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Revisiting the radio interferometer measurement equation. I. A full-sky Jones formalism

ABSTRACT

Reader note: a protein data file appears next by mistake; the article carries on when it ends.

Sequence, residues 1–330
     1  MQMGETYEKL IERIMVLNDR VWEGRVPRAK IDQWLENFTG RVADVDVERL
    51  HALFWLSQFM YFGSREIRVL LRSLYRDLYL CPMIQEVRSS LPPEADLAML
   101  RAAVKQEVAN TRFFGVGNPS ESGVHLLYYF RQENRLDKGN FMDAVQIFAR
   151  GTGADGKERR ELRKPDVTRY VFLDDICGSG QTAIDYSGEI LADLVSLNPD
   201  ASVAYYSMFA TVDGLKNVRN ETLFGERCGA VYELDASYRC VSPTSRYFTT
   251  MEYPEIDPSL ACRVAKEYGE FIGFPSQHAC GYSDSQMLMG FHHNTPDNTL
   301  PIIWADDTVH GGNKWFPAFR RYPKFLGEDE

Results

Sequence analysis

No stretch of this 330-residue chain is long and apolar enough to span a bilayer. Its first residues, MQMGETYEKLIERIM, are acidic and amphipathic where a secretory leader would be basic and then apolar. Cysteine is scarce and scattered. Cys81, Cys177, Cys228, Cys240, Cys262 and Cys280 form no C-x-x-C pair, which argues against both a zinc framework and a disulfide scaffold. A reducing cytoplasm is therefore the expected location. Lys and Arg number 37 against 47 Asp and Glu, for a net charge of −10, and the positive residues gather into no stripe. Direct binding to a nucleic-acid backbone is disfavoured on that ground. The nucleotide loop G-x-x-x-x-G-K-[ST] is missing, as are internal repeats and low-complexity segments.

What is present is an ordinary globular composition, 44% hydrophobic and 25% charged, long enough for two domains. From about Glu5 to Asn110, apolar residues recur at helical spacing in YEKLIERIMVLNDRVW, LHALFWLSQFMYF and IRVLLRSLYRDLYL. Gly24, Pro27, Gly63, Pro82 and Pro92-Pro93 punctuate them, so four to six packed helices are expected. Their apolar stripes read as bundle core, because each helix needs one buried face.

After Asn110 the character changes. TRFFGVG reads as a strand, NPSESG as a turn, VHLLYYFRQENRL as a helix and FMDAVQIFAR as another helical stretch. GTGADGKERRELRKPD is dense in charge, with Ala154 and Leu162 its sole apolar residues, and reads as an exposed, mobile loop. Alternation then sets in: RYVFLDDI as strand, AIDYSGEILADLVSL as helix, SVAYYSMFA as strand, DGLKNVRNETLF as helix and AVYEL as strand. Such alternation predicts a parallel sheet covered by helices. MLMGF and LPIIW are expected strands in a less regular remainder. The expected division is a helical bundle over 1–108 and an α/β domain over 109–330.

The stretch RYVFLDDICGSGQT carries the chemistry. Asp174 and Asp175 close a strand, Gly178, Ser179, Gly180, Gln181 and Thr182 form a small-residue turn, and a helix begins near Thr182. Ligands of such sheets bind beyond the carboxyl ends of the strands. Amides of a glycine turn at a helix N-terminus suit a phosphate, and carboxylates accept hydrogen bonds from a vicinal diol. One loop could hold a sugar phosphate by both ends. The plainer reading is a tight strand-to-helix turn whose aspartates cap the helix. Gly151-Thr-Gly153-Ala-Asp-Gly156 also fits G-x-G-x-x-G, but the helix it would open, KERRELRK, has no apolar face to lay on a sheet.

Since its formulation by Hamaker et al., the radio interferometer measurement equation (RIME) has provided a rigorous mathematical basis for the development of novel calibration methods and techniques, including various approaches to the problem of direction-dependent effects (DDEs). This series of papers aims to place recent developments in the treatment of DDEs into one RIME-based mathematical framework, and to demonstrate the ease with which the various effects can be described and understood. It also aims to show the benefits of a RIME-based approach to calibration. Paper I re-derives the RIME from first principles, extends the formalism to the full-sky case, and incorporates DDEs. Paper II then uses the formalism to describe self-calibration, both with a full RIME, and with the approximate equations of older software packages, and shows how this is affected by DDEs. It also gives an overview of real-life DDEs and proposed methods of dealing with them. Applying this to WSRT data (Paper III) results in a noise-limited image of the field around 3C 147 with a very high dynamic range (1.6 million), and none of the off-axis artifacts that plague regular selfcal. The resulting differential gain solutions contain significant information on DDEs, and can be used for iterative improvements of sky models. Perhaps most importantly, sources as faint as 2 mJy have been shown to yield meaningful differential gain solutions, and thus can be used as potential calibration beacons in other DDE-related schemes.